Unintended Consequences: Save The Horses! (Send Them To The Glue Factory)
New York's new Mayor Bill de Blasio said Monday:
"We are going to get rid of horse carriages, period. We are going to quickly and aggressively move to make horse carriages no longer a part of the landscape. . . . They are not humane. They are not appropriate for the year 2014. It's over. So, just watch us do it."
The quote is from an NRO piece by Jillian Kay Melchior explaining that the ban will hurt tourists, the drivers, and the horses:
And while the new mayor has made no secret of the scorn he bears for the property of New York City's richest residents, in this case he's also disregarding the rights of small-business owners like Malone, who are struggling to remain in the middle class.
Malone owns his own carriage and two horses, and uses his earnings to support his wife and three kids. His father, an Irish immigrant, drove horses in Central Park before him, teaching his son the trade from age 9. Before that, four generations of Malone's family worked as blacksmiths in Ireland, "so you can say horses are in my blood," he says.
"I'm a New Yorker -- I don't scare easy," Malone adds. "But don't get me wrong. Any time it's not in your hands, it's scary. . . . What it would mean to me personally would be the end of my lineage. It would be unconstitutional, un-American to steal my business, to take my horse away from me. And I'm 44, been doing this for 26 years. That pretty much makes me unemployable for anything else."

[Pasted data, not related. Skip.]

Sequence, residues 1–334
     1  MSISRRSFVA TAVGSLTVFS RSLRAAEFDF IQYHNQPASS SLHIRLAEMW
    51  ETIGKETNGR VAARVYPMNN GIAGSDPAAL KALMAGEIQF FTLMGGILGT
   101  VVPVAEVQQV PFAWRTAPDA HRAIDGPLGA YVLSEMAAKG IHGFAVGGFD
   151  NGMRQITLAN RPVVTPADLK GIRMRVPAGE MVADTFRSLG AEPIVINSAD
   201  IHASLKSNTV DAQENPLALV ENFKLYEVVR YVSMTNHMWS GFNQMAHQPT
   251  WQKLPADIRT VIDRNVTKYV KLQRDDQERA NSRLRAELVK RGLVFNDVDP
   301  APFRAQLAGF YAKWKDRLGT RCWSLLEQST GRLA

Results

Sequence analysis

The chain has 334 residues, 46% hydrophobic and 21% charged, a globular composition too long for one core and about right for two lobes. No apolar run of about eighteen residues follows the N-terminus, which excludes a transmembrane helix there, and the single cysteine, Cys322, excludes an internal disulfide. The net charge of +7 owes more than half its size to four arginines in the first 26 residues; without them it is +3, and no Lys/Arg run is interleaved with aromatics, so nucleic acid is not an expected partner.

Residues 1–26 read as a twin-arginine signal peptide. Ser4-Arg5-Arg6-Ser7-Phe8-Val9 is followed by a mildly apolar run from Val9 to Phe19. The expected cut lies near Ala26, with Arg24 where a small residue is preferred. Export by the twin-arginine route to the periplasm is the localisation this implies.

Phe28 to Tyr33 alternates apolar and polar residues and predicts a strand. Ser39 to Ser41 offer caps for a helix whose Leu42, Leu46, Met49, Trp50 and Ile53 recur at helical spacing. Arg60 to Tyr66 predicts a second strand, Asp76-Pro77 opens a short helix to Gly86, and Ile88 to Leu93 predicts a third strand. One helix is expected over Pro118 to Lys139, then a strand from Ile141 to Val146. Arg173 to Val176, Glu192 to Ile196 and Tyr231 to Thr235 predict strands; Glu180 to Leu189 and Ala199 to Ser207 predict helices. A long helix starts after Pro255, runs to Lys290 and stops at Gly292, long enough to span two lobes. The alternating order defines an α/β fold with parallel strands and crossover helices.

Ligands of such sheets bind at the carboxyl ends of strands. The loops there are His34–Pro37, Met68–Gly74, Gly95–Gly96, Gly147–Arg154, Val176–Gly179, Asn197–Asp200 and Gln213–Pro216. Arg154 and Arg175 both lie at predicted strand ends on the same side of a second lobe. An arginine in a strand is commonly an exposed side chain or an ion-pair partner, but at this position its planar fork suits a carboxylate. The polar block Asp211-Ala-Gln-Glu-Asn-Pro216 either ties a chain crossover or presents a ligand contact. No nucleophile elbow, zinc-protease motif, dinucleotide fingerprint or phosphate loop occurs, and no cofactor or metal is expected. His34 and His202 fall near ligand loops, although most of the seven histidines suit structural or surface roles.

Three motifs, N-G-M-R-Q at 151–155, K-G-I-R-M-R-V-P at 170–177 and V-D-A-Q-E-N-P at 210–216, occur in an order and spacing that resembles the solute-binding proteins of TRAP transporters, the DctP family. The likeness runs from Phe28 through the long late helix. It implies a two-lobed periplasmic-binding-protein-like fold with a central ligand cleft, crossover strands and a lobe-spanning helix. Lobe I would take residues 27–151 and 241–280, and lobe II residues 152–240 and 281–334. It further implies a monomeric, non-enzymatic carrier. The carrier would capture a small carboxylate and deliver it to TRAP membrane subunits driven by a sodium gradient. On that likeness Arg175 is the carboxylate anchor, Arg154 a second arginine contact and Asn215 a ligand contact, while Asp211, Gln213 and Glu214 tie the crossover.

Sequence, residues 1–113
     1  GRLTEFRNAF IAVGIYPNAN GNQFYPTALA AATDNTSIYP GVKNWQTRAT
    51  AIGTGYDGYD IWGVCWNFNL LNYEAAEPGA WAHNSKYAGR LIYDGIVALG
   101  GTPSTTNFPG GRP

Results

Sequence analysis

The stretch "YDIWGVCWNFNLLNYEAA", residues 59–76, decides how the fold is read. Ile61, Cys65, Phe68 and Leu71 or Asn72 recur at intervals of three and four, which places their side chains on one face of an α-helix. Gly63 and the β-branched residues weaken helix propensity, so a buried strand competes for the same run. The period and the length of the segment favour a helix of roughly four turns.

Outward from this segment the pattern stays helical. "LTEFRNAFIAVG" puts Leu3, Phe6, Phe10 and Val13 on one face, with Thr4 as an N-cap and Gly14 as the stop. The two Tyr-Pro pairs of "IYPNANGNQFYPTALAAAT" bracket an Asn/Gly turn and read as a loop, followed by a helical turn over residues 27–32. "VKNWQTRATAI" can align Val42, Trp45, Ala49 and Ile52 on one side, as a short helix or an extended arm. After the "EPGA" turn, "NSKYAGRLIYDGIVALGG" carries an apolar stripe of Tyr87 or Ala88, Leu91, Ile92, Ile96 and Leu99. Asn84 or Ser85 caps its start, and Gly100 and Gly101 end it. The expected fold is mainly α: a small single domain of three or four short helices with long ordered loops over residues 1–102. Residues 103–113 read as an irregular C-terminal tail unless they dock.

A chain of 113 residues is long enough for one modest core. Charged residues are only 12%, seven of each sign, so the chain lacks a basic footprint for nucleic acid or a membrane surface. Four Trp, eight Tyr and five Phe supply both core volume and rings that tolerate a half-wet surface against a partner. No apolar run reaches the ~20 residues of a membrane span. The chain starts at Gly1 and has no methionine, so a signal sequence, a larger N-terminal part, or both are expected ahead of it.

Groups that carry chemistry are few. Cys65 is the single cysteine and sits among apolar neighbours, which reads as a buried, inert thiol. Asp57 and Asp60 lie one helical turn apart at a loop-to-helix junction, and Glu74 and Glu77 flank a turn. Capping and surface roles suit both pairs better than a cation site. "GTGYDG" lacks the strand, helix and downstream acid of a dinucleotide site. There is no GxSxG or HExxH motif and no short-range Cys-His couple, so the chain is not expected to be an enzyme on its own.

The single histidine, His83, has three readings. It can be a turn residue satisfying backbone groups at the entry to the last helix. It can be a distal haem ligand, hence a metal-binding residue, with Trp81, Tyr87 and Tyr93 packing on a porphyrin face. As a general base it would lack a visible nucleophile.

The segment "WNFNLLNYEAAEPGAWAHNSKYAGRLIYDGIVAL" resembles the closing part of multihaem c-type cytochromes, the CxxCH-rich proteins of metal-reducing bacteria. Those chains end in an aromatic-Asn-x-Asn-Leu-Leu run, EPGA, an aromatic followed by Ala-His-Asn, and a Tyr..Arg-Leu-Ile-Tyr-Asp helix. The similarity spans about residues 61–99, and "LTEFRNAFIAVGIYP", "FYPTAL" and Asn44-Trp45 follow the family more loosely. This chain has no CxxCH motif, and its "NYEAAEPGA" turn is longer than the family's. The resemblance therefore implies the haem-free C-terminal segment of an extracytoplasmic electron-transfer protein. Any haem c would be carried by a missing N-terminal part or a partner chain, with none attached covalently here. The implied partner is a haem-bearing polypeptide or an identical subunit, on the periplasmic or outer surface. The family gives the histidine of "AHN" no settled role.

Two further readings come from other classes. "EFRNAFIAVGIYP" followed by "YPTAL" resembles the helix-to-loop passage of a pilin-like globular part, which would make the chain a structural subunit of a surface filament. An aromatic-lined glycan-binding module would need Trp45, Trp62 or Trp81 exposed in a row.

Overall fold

Malone may fare poorly if de Blasio gets his way, but his horse could fare even worse.
Horses are expensive -- with food and boarding, they can cost thousands a month -- so they're particularly vulnerable in the bad economy. And a horse's unemployment crisis can have deadly implications; the fact that no slaughterhouses are currently in operation in the United States, far from preventing horse deaths, has resulted in the outsourcing of slaughter for animals that have become too pricey for their owners. Up to 100,000 American horses are shipped to their demise in Mexico and Canada each year.
"A lucky horse is a horse with a job and a purpose," Malone explains. Central Park's tourism circuit employs about 200 horses. If the industry were banned, these horses would be jeopardized, and even if their high profile won them a new pasture home, they'd almost certainly displace other horses around the country, causing more slaughters -- a fact acknowledged by de Blasio's predecessor.
Contrary to popular belief, the Central Park horses are well cared for, says Christina Hansen, a Central Park carriage driver and the founder of Blue Star Equiculture, a nonprofit group that helps provide for and pasture homeless and retired horses.